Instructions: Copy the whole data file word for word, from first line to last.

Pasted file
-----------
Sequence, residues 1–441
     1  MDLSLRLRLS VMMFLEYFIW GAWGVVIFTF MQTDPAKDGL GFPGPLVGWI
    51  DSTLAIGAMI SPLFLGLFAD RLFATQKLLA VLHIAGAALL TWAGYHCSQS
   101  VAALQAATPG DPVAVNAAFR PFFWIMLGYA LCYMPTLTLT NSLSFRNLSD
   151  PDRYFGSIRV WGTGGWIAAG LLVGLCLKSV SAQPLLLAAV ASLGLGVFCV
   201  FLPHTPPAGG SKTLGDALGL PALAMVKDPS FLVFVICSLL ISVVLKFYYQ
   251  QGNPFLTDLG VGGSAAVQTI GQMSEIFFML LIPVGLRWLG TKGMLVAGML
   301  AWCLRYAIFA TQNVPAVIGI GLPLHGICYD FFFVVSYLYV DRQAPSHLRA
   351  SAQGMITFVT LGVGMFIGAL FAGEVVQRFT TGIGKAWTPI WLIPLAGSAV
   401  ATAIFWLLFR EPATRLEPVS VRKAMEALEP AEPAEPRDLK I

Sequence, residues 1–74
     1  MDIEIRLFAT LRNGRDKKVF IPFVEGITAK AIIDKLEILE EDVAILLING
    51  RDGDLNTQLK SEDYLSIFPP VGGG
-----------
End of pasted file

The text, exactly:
Sequence, residues 1–441
     1  MDLSLRLRLS VMMFLEYFIW GAWGVVIFTF MQTDPAKDGL GFPGPLVGWI
    51  DSTLAIGAMI SPLFLGLFAD RLFATQKLLA VLHIAGAALL TWAGYHCSQS
   101  VAALQAATPG DPVAVNAAFR PFFWIMLGYA LCYMPTLTLT NSLSFRNLSD
   151  PDRYFGSIRV WGTGGWIAAG LLVGLCLKSV SAQPLLLAAV ASLGLGVFCV
   201  FLPHTPPAGG SKTLGDALGL PALAMVKDPS FLVFVICSLL ISVVLKFYYQ
   251  QGNPFLTDLG VGGSAAVQTI GQMSEIFFML LIPVGLRWLG TKGMLVAGML
   301  AWCLRYAIFA TQNVPAVIGI GLPLHGICYD FFFVVSYLYV DRQAPSHLRA
   351  SAQGMITFVT LGVGMFIGAL FAGEVVQRFT TGIGKAWTPI WLIPLAGSAV
   401  ATAIFWLLFR EPATRLEPVS VRKAMEALEP AEPAEPRDLK I

Sequence, residues 1–74
     1  MDIEIRLFAT LRNGRDKKVF IPFVEGITAK AIIDKLEILE EDVAILLING
    51  RDGDLNTQLK SEDYLSIFPP VGGG